So, no election this year, eh? G Brown has not bowed to pressure from the Tories and the press, and is now taking the flack for his decision.
Tories are criticising Brown mercilessly for his decision, and for delaying his decision so long. There is no reason, of course, for an election – no law that says an election must be called just because the party leader has changed. The delay, no doubt, was political in nature – make the announcement at the most opportune moment, and force the other parties to spend their conferences talking about nothing else but the possibility of an election. Also, maybe, an element of keeping options open until the last possible moment…
Did Brown bottle it? Or did he make a considered decision and announce it at the most opportune moment? We know what the opposition parties say, but, well, they would say that, wouldn’t they? If Brown had called an election no doubt they would have put an equally unflattering spin on it.
4Kool (younger daughter) says she will not vote when she turns 18 because “I don’t want to encourage them…”
“Spanish practices”: synonym for being lazy, doing as little as possible in one’s employment; antonym for Protestant work ethic, productivity, efficiency etc
Such practices are being discussed at length in the papers and on the radio this weekend, in connection with the Post Office strike. Some workers claim that they are overworked and have to do extra hours on a regular basis just to get the day’s work done. Others claim that they can knock off early when they finish their rounds, effectively working 4 hours and being paid for 8.
Personally, I know both sorts, even in my own little job. Although we are (allegedly) a team, and we have the same priorities and objectives, one member of the team gets by with as little effort as possible, hardly ever doing her contracted hours, let alone overtime. Although intelligent, she is often dead weight, and we resent this. Another member of the team works hard all day, always looking for the next thing to do, never checking emails or surfing the web, and often working significant amounts of overtime even though we are not paid to do so. He also likes to play the martyr a bit. Yours truly tries hard to tread the middle line, always on time in the morning, doing a little overtime if it means a job will get finished, but making it clear that the contracted hours are enough, and that my outside hours are precious to me.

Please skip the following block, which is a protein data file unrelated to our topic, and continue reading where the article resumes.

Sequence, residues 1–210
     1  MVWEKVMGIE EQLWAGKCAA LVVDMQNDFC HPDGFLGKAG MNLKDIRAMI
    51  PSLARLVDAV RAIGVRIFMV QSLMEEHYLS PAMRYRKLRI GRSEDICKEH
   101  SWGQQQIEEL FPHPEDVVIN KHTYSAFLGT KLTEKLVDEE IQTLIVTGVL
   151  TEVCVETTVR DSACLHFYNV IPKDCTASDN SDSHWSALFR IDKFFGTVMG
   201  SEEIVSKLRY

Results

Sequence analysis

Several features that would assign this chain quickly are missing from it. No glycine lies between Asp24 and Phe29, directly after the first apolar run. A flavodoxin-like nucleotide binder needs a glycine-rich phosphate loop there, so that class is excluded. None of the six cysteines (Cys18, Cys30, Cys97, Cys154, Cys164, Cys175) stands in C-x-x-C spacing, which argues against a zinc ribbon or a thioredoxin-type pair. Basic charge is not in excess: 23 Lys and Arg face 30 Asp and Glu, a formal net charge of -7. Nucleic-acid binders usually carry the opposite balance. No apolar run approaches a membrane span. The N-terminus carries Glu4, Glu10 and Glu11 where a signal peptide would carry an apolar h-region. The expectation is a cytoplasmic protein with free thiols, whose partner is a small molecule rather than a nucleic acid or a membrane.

Question: could “Spanish practices” be equated with the current trend towards a better work-life balance? I frequently read exhortations to “downsize”; to cut one’s working hours and have more quality time; to retire early and spend the kids’ inheritance; or to go freelance and work hours to suit oneself instead of being at the constant beck and call of an employer. How do such ideas square with the traditional English work ethic? Or is it a more sinister idea, implying that the employer is being cheated, or even robbed?
Inheritance tax: Conservatives say they will raise the threshold to £1m! Ridiculous. What an obvious, rabble-rousing, electioneering claim. This has found great favour with the tabloid press of course, but Patrick Collinson for one (in the Guardian yesterday) takes a more considered view. If a rich old man leaves just short of £1m to his “children” who are maybe in their 50s, how does this benefit society? The “children” will invest the money, probably in property, thus taking property even further out of reach of the younger generation. Perhaps personal inheritance limit (as opposed to death duties on the whole estate) would provide an incentive for people to leave their accumulated wealth to their grandchildren, nephews and nieces, dividing it more equally among the population? But there would be a shortfall in the Government’s income all the same, and no doubt this would have to be made up from somewhere.
Still, the Tories’ exaggerated posturing may have the positive effect of making the government think more carefully about inheritance tax thresholds. Wait and see…